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After DUI, Student Makes Most Of Second Chance
by Jason Bagley

Editor's note: An exceptional academic record can be marred, or even destroyed, by very bad personal choices. Learning from a serious mistake, picking up the pieces and starting over takes determination.

From the fall semester of 2005 to the first few weeks of the fall semester of 2007, Franz Folz was an accounting major at the University of Connecticut. He earned a 3.9 grade point average and was on track to graduate on time.

Back home in North Branford, Conn., Franz and Jackie Folz were proud of parents. His father, Franz, a respected accountant, boasted about his son to the neighbors. His mother, Jackie, sent homemade chunky, chocolate chip cookies to Storrs once a month, encouraging her son to keep up the good work. Folz would say to friends, regarding the unhealthy but delicious batch of cookies, "If you have one, I'll have one." It never took long for the container to be empty.

Sept. 9, 2007, is written forever in Folz's memory.

Folz and his buddies went to a party at Mansfield Apartments on the outskirts of the Storrs campus. Folz had a hot hand at beer pong and was partnered with a correspondingly hot girl. But the night began to slide for Folz when his roommate's girlfriend kept calling him repeatedly, looking for her boyfriend.

"She kept calling me every five minutes," he said. "Finally even the girl I was with told me I should help her out." Folz's two passengers for the night a roommate and a friend were also getting antsy to leave.

"I knew I had had some to drink, but I felt I was capable of driving," he recalls.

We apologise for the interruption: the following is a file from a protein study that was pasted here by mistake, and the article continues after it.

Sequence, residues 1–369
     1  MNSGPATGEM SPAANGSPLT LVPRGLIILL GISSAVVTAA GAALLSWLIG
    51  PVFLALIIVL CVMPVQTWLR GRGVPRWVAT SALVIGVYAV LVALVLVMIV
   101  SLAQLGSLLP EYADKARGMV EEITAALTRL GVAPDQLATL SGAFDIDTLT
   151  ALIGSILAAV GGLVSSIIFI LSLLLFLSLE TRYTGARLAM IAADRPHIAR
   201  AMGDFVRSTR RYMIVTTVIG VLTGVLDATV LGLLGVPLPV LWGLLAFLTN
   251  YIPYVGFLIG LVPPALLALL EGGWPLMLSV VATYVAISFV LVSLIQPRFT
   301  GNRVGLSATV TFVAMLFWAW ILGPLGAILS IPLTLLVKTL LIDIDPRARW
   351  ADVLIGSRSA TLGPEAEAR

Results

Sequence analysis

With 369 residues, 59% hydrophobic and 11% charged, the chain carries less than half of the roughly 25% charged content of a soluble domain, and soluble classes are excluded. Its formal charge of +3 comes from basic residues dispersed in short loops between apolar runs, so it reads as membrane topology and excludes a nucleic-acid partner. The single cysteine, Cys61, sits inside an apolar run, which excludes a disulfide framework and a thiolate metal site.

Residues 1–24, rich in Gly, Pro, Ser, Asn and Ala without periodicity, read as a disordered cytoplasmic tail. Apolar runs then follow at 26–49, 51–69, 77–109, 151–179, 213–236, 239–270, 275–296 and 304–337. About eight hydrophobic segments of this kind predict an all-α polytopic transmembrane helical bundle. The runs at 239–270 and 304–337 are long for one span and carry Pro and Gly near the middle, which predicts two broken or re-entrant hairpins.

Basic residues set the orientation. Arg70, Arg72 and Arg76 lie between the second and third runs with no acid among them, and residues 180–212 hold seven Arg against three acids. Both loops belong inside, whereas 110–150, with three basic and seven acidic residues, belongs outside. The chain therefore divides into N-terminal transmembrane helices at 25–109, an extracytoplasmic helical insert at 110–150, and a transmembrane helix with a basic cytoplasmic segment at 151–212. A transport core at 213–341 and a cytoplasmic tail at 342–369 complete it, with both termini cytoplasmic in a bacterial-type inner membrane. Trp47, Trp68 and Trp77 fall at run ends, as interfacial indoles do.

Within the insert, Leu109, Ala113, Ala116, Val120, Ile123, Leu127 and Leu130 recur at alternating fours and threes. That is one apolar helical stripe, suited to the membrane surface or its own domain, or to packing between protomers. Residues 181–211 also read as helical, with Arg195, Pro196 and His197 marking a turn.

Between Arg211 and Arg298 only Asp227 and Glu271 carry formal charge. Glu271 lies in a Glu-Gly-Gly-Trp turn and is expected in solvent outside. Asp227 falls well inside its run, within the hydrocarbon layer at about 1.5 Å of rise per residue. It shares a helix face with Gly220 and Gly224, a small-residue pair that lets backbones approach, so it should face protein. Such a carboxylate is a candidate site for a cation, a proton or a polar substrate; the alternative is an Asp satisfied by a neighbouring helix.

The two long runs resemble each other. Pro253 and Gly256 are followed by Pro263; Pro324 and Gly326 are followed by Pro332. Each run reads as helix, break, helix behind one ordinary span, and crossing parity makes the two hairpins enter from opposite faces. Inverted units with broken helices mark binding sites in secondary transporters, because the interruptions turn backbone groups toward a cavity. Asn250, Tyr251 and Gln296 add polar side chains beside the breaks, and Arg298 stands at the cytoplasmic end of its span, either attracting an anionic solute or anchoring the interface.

He dropped off his friend at the Alumni dorms on the south side of campus, a two-minute drive from the party. The next stop was Husky Village, to pick up two more roommates. He took his new silver Mazda 6 onto Route 195. He had worked long hours at a retirement home complex as a dishwasher to buy his first new car and was proud to rev the engine.

As he went down the hill past Towers dorms, he began to panic. Suddenly Route 195 seemed as difficult and fragile to commandeer as the streets of Baghdad. Then he saw a police car swing a U-turn and proceed to follow the silver bullet.

When he pulled into Husky Village, the red and blue lights flared on his car. Any of Folz's anxiety over homework, girls or his lackluster jump shot washed away immediately.

"He said I crossed the yellow line," Folz says of the police officer. He adds that he doesn't think he crossed the line, and neither does one of his roommates, "but I very well could have."

After failing a street test, he was given a Breathalyzer test. He blew a .118 on the first test. In Connecticut, intoxication is defined as a blood alcohol reading of .08 or more.